Women wore less jewelry, and the lavish clothing of the Edwardian period fell by the wayside. As women dressed for new roles, gender-dictated dress codes relaxed. Skirts became shorter, as they often do during wartime, and colors became sober and muted. Women wore lacy shirtwaists and long, narrow skirts that fell to the top of the foot. The tunic, introduced by Paul Poiret, based on a Russian peasant look, came to blend with the military-style tunic worn during the Great War. At the end of the Edwardian period around , Paul Poiret introduced the jupe colotte for evening wear— a high waisted tunic style dress worn with harem pants.
As the world entered war in , women were offered more tailored versions of the look which included military details along with checks and stripes. Jeanne Paquin, the first woman to gain international fame in the world of fashion, created garments for the new, more active woman.
Her version of the hobble skirt a narrow skirt that restricted a woman's stride included pleats for ease of movement. Her designs mixed tailoring with feminine drapery. The spring of brought a new fashion trend called the "war crinoline" which featured a bell-shaped skirt and a wide over-skirt. The season also featured sloped shoulders and wide collars, but the use of so much fabric was soon viewed as wasteful during wartime and critics called for a more conservative use of cloth.
In , the fashion show was a new phenomenon. Previously, designers had worked with individual clients to create new combinations of style, cut, and fabric for a more personalized look. Paul Poiret's traveling fashion show appeared at charity benefits, theaters, and department stores in Europe. He took his show to the US in Soon, other designers followed suit. In , a New York film company documented a twice yearly show, offering a look at couture for the masses.
Before the advent of fashion models, actresses, singers, and dancers modeled the clothing. During World War I, fashion shows were organized to help raise funds for the war effort. Led by Paul Poiret, French couture houses banded together to form a syndicate to thwart design piracy.
Customers and businesses who wanted to reproduce couture designs were charged a copyright fee and fashion shows were invitation-only. During the Great War, higher hemlines exposed a gap between the tip of the boot and a skirt hem.
The look distracted from the overall appearance of an outfit, so the high button boots of the past were abandoned, and women wore shoes with heels that featured a slight curve as you can see in the illustration here. The Great War introduced a new coat style that became a classic for the rest of the century and beyond: A need for all-weather coats inspired a new style and fabric.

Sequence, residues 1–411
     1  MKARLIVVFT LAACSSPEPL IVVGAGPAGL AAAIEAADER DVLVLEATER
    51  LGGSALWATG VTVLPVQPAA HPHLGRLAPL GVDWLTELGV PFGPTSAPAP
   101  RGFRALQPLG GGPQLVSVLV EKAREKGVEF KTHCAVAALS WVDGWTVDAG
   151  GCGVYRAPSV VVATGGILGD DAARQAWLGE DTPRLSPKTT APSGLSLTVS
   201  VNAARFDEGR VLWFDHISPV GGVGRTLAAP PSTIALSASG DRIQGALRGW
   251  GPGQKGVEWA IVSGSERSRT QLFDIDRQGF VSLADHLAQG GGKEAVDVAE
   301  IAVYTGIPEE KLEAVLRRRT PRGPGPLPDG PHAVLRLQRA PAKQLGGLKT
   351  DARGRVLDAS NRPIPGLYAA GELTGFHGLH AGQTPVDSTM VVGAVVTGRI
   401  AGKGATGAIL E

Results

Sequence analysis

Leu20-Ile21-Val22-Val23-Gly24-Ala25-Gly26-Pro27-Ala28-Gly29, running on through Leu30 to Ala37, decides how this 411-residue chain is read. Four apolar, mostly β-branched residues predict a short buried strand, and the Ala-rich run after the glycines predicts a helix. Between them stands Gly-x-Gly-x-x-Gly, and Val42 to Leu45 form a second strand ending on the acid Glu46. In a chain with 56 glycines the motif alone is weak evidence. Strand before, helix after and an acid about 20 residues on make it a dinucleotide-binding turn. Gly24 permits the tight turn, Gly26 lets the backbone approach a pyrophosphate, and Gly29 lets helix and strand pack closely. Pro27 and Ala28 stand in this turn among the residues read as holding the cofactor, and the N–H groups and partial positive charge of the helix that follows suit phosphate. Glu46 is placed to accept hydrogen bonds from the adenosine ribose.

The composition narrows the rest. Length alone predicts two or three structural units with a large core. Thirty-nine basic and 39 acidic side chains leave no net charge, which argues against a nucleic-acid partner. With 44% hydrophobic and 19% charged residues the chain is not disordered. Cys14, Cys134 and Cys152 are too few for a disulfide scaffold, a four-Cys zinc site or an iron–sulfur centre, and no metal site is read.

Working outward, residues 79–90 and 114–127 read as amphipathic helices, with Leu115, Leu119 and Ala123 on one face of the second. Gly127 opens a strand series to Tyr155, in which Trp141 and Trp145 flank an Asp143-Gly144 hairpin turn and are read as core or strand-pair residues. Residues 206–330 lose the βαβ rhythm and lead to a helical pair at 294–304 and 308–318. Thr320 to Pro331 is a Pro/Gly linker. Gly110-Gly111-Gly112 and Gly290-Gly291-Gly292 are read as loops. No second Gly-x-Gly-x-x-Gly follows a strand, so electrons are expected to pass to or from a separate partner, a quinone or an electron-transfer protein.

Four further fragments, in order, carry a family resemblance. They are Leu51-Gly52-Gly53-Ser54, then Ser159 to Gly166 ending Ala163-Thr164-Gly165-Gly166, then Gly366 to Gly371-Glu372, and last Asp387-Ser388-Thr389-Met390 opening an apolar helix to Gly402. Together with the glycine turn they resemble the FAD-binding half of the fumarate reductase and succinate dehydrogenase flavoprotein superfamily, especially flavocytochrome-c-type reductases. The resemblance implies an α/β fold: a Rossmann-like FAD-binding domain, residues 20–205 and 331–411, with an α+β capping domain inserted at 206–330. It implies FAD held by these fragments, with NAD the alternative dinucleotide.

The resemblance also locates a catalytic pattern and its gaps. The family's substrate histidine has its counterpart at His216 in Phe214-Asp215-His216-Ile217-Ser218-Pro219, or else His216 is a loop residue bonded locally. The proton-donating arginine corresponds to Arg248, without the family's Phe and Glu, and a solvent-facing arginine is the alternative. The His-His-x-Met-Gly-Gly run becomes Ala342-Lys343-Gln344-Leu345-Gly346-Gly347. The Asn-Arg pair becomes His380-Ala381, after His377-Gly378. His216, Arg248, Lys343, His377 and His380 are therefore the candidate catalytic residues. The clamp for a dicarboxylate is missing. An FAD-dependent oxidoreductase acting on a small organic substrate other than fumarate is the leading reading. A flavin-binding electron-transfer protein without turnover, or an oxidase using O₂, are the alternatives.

In London, Burberry patented an all-weather, breathable fabric, a chemically processed fine cotton gabardine that was approved for military use. The new military style coat featured a wide collar, extra fabric at the top of the back, epaulettes, and a belt. The trench coat became a fashion staple for both men and women for the next years.
The more relaxed attitude towards gender-specific clothing combined with women's more active lifestyles inspired what we now call sportswear. Skiing, for instance, went from a practical activity to a popular sport. As long skirts were unsuitable for skiing as well as many other activities, women began to wear a short knee-length skirt over knickerbockers. Burberry produced jackets and pants an all-weather gabardine that protected the wearer from wind and snow.
Bathing costumes became less about modesty and more about the ability to actually swim. The one-piece bathing suit was born, offering women greater freedom of movement in the water. Smaller suits were generally worn by competitive swimmers, however many swim costumes remained long and dress-like. A key development in women's undergarments was introduced by a new York debutante named Mary Phelps Jacob. Working under the name Caresse Crosby, Jacobs designed one of the first modern bras.
Previously, breasts had been pushed up by corsets. The new design was soft and boneless with shoulder straps that suspended the breasts from above. Corsets were not totally abandoned but given greater flexibility for comfort.
The Spirella corset offered a greater range of movement than the old fashioned type and purported to improve posture to benefit overall health. The makers of these corsets would send a representative to your home to measure you for a personal fit. The hard war years, combined with the devastating effects of the flu pandemic, brought the world to its knees.
After Armistice, recovery was difficult. People felt crushed and cynical as they moved into peacetime. A new feeling of freedom mixed with disillusionment created a new kind of culture, a live-for-today, devil-may-care society that led to the roaring 20s and the distinctive look, sound, and fashion of the Jazz Age.
Where do I buy early 's inspired clothing? Sign in or sign up and post using a HubPages Network account. Comments are not for promoting your articles or other sites. Julie that sounds so interesting! I once found a WWI nurses uniform at an antique shop. Perhaps you could find some original clothing on ebay. If that proves too expensive or difficult, there are many sites that offer historic clothing patterns. You could find someone who can sew and create some garments.
Be sure to use the appropriate fabrics! People often enjoy "living history" so you could even have a few models wearing the costumes!